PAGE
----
Leeson, Joseph (c.1701–1783), 1st earl of Milltown , landowner, patron of the arts, was one of six surviving children – and apparently the only surviving son – of Joseph Leeson (qv), brewer and property developer, and his wife Margaret (daughter and co-heiress of Andrew Brice, esq., alderman and sheriff of the city of Dublin), of St Stephen's Green, Dublin. His date of birth is disputed but is most likely to be 11 March 1701. The grandiose style in which Leeson lived throughout his life was largely due to the fortune that his father had amassed through his brewing activities (located in St Stephen's Green), his prudent property speculation elsewhere in Dublin city, and his purchase of lands in at least nine Irish counties in the period c.1690–1740; at least one estate was purchased as a result of the Williamite confiscations. In 1741 Leeson was said to have inherited £50,000 in money and an annual income of £6,000 from his father. In c.1742 he purchased from John Graydon the Russellstown (later known as Russborough) estate in Co. Wicklow, demolished the existing house, and commissioned Richard Castle (qv) to build a new seat. In 1744, with his new house under construction, he set out on the Grand Tour. He stayed in Rome till October 1745 with the archaeologist Robert Wood (qv) and purchased antiquities, paintings, and furnishings. He had his portrait painted by Pompeo Batoni, the earliest recorded portrait of an English or Irish sitter by the artist. In March 1745 the merchant ship Augustus, which carried many of Leeson's precious goods, was seized by the French. It was partly this loss that prompted him to return to Italy in 1750 with his eldest son Joseph (1730–1801) and his nephew Joseph Henry of Straffan, Co. Kildare. Leeson rented a house off the Piazza di Spagna in Rome, and commissioned Batoni to paint further portraits.
When Leeson returned to Ireland in 1751 his country house was still unfinished and Francis Bindon (qv) completed the work shortly after the death of Castle in 1751. Russborough house was one of the most impressive neo-Palladian houses in Ireland in the latter half of the eighteenth century. The interior was filled with important objects that were ordered during Leeson's two visits to Italy, including copies of Guercino and Reni, architectural studies and capricci by Panini, oval marines by Vernet, decorative Florentine pictures, scagliola marble tables by Don Petro Belloni, bronzes by Soldani, and books on architecture. The house was further embellished with Italianate landscapes painted by George Barret (qv) and exotic woods brought from the West Indies. Emily Fitzgerald (qv), later duchess of Leinster, wrote in 1759 that the ‘house is really fine and the furniture magnificent, but a frightful place [i.e. sublime surroundings]. Mr Leeson carry'd us to see a very fine waterfall near it’ (Leinster correspondence, i, 76).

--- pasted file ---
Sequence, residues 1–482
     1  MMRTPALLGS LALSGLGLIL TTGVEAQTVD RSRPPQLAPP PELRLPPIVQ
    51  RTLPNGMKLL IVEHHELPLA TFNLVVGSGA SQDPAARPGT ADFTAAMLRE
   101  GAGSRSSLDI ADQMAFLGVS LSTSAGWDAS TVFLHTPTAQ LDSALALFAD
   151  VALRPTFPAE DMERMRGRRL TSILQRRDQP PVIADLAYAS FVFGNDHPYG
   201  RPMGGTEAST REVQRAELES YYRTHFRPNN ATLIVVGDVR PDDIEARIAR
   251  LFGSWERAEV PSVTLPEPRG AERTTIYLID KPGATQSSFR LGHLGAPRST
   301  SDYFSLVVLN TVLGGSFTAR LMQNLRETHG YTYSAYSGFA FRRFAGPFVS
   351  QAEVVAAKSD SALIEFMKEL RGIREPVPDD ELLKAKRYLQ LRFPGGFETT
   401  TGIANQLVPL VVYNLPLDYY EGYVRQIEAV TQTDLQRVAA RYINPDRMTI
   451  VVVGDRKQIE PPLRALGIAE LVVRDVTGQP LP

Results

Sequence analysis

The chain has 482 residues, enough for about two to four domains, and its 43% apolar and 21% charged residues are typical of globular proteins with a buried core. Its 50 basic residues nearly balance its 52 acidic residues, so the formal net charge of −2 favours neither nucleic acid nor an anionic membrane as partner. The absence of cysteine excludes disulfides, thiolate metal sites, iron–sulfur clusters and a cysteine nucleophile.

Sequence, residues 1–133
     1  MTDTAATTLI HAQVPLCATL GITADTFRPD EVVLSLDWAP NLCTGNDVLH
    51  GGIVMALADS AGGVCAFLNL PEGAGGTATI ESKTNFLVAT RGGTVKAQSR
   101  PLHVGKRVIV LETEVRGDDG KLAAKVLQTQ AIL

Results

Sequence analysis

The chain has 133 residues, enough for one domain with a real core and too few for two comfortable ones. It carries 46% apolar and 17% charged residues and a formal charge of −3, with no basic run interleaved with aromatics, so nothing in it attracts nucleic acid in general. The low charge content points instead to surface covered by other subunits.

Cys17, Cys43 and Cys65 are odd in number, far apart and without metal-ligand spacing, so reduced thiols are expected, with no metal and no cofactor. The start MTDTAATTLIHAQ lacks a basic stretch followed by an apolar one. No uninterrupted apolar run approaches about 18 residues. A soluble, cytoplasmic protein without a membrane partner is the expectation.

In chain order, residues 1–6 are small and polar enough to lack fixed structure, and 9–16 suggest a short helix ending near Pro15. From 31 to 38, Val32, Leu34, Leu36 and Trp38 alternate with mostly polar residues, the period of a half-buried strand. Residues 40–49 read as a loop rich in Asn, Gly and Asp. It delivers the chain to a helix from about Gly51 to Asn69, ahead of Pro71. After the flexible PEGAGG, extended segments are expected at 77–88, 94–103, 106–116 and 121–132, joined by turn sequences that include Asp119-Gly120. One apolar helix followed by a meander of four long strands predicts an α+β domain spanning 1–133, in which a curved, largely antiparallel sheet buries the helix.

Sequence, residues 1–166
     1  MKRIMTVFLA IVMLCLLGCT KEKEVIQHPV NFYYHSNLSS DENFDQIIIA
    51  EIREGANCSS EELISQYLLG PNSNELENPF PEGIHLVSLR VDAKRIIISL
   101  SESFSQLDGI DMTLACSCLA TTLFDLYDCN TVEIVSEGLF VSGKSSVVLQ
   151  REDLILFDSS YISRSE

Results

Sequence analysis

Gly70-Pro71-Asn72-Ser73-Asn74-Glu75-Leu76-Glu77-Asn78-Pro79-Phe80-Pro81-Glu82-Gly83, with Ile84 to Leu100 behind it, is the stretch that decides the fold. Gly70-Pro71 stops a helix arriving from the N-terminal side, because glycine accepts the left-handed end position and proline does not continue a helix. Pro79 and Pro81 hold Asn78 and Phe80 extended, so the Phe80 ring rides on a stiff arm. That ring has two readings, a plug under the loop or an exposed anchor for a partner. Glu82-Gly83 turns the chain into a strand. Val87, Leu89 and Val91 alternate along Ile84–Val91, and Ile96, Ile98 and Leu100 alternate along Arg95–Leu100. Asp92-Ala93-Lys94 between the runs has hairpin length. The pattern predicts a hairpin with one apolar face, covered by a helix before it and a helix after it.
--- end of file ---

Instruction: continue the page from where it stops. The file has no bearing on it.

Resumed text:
Leeson served (1743–56) as MP for the borough of Rathcormick, Co. Cork, and was high sheriff of Westmeath in 1756. He was made Baron Russborough (1756), Viscount Russborough (1760), and earl of Milltown (1763), and became a privy councillor in 1770. His elevation into the house of lords and rapid elevation within the peerage was most likely due to his wealth, social standing, and connoisseurship, rather than his political activities.
Leeson was a member of the Society of the Dilettanti and treated his collecting as a serious occupation. Sir Horace Mann commented on those occasions when Leeson offered huge sums for antiquities that had been recently excavated in Rome (and which were destined for the pope's collection). In Joshua Reynolds's painting ‘The parody of the school of Athens’ he is portrayed as Aristotle lecturing to a disciple. He was perhaps less suited to the lighter pastimes of the nobility and gentry. Richard Marlay wrote to Lord Charlemont (qv) in 1752 that ‘Leeson is to play Lothario [in the play ‘The fair penitent']. They say he will do it very ill’ (Charlemont manuscripts, 184).
He married first (20 January 1729) Cecilia (d. 1737), first daughter of Francis Leigh of Rathangan, Co. Kildare; they had two sons and one daughter. Leeson married secondly (1738/9) Ann, daughter of Nathaniel Preston of Swainstown, Co. Meath; they had at least one son and one daughter. He married thirdly Elizabeth, daughter of the Very Rev. William French; they had two sons and two daughters. The eldest son by the first marriage, Joseph (1730–1801), became 2nd earl of Milltown and travelled to Italy again in 1778. Brice (1735–1807), the second son, became 3rd earl. Joseph Leeson died on 22 October 1783. His estate was bequeathed in different proportions to a number of his children. His third wife, Elizabeth, dowager countess of Milltown, lived in a dower house that Leeson built for her on or near St Stephen's Green, till her death in 1842. Leeson was painted by Anthony Lee (qv) in 1735, who lived nearby on St Stephen's Green (NGI). Pompeo Batoni's portrait, dated 1744, is also in the NGI. A portrait miniature (c.1765) by Robert Wade, based on the Batoni portrait, is reproduced in Caffrey. Two engravings by C. Grignion after de Fesch were published in 1773. Leeson is possibly one of the six connoisseurs depicted in a group portrait painted by James Russell in 1762 (reproduced in Wilton). The Milltown bequest to the NGI c.1900 included much of Leeson's pictures and furniture.